Alternatives to Five of the Pricier Software Titles
The Business Software Alliance announced last week that it had come to an agreement with local business Affordable Power, LP, to settle legal claims that the company pirated software titles. According to the release:
As part of the settlement, Affordable Power agreed to pay $150,000 to settle legal claims that it had unlicensed copies of Adobe, Microsoft, Quest, and Symantec software installed on its computers. The company also agreed to delete from its computers all unlicensed software, acquire any licenses necessary to become fully compliant, and take measures to ensure its future compliance, one of the foundational principles of proper software asset management (SAM).
The truth is software can be very expensive, particularly when you need software titles that retail for hundreds of dollars. Fortunately, there are lower priced options that are available, if you look for them. In fact, some of them are free. Here is a list of five of the more expensive software titles commonly used by businesses and individuals and alternatives that are much less expensive.
Battle of the Piney Woods: SFA vs. SHSU
TicketsSat., Oct. 1, 3:00pm
University of Houston Cougars Football vs. Tulsa Golden Hurricane Football
TicketsSat., Oct. 15, 11:00am
Rice University Owls Football vs. UTSA Roadrunners Football
TicketsSat., Oct. 15, 6:00pm
Rice University Owls Football vs. Prairie View A&M University Football
TicketsSat., Oct. 22, 2:30pm
The big boy of photo editing is difficult to replace if you are a serious graphic designer or photographer. There is always Photoshop Elements, the lite version of the mothership, but there are actually some very good free options available online that, for most, will do just fine. The best of the bunch is Pixlr. It was, in fact, my pick for the best free online option when Google shut down Picnik. It has many of the features you find in Photoshop and even a cool add-on for Google Chrome and Firefox that makes it easier to grab photos and edit them on the fly. It won't replace Photoshop if you are a pro, but it is a fantastic alternative if you don't want to drop hundreds of bucks on Adobe Creative Suite.
Oh, and in a pinch, try Photoshop.com or the Photoshop app. Both are very good and both are free.
There are a bunch of people out there who loathe Adobe Dreamweaver and it's understandable. It can be a hot mess, but it is loaded with features and still the preferred choice of many developers. It's also damn expensive. For those who just need a text editor for their code, well, you have a million options, but for others who prefer the WYSIWYG (short for What You See Is What You Get) options, both Coda and Expression Studio are good, inexpensive alternatives, particularly Coda, which has a fantastic interface and is suitable for the iPad.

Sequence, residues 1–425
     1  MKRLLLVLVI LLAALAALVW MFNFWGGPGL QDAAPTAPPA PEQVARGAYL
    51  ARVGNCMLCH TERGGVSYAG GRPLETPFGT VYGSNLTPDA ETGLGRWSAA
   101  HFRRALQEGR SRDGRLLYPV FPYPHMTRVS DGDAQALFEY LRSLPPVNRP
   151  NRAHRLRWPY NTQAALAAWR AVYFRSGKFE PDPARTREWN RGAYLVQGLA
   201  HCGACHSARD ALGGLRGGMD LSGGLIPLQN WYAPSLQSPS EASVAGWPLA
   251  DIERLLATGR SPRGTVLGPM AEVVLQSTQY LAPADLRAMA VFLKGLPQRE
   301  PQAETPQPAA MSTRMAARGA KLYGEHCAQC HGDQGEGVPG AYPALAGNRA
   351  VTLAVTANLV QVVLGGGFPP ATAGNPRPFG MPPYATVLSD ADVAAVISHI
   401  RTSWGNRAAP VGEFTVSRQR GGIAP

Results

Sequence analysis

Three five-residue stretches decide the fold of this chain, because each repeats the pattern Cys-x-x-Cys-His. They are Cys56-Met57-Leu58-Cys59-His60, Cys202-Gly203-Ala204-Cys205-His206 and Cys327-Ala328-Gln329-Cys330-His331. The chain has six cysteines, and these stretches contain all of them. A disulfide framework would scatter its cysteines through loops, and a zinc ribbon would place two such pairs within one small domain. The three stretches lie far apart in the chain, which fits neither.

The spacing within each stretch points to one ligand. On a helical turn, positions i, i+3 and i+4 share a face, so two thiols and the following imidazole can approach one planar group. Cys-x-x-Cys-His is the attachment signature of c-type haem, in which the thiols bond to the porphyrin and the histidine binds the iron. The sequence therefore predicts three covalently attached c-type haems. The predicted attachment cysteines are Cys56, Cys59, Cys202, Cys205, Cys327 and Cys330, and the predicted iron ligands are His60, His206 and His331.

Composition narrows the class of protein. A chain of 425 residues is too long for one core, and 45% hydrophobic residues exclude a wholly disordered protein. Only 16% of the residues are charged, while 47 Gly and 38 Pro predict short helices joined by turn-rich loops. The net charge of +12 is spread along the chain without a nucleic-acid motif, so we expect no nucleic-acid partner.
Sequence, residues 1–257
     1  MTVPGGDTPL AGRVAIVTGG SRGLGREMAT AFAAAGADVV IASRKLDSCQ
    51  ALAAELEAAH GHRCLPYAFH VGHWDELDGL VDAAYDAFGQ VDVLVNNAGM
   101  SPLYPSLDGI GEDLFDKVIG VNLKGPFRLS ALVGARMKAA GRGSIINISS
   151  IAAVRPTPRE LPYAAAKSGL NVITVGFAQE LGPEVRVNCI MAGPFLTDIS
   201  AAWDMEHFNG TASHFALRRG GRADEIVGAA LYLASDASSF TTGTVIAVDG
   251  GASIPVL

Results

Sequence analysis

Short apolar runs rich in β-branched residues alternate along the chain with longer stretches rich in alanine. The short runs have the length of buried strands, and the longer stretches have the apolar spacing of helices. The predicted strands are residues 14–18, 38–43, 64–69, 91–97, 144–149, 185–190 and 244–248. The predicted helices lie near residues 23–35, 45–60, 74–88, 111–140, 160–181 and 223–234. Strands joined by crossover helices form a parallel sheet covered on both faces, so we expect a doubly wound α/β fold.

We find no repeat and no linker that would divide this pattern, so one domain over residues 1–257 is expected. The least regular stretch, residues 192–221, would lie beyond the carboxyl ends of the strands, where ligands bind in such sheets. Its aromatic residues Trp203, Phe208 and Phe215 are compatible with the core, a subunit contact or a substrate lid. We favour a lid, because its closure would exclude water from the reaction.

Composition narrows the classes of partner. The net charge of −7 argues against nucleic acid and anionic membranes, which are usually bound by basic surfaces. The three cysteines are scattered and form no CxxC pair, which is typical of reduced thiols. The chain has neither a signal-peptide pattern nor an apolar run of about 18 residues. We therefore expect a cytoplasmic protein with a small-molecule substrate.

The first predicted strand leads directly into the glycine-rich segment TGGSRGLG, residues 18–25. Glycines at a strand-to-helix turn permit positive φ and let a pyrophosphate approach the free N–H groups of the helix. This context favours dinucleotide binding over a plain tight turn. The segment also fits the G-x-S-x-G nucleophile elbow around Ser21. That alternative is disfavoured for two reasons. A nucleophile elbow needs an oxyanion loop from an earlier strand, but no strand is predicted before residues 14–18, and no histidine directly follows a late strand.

Alternative: Open Office
There is still a contingent of folks out there who absolutely cannot stand Word and will use anything to avoid it. I get it. The clunky Microsoft word processor swallowed the market that used to contain a number of good writing options. Fortunately, there's Open Office. It's far from perfect, but it costs nothing and has all the bells and whistles you'd expect from a full-featured word processor. It even has options for opening Excel documents and the like.
If you are on a Mac, take a peek at iWork as well -- a fairly inexpensive version of the Office suite. And if you want a complete online solution, check out Google Docs.
Outlook, for years, was the only real option for office mail systems because it interfaced so easily with Microsoft Exchange, the widely used mail server software. Some of that has changed as many firms are opting for Gmail, but Exchange is still the preferred option. Fortunately, there's Thunderbird. It is one of the few desktop e-mail clients that work with Exchange, it's free and it works on both Mac and PC. It's a no-brainer.
If you own a large business with all kinds of inventory and many working parts, the truth is there is just no substitute for QuickBooks. But for the vast majority of small and medium-sized businesses, QB has features you'll never use that you have to pay for unless you opt for Xero, a completely online-based solution that has all the accounting tools you'd expect from QB. It does have a monthly fee attached, but if you need QB for multiple machines or want an online interface -- Intuit offers QB online as well -- Xero will ultimately save you money and avoid the hassle of desktop software.
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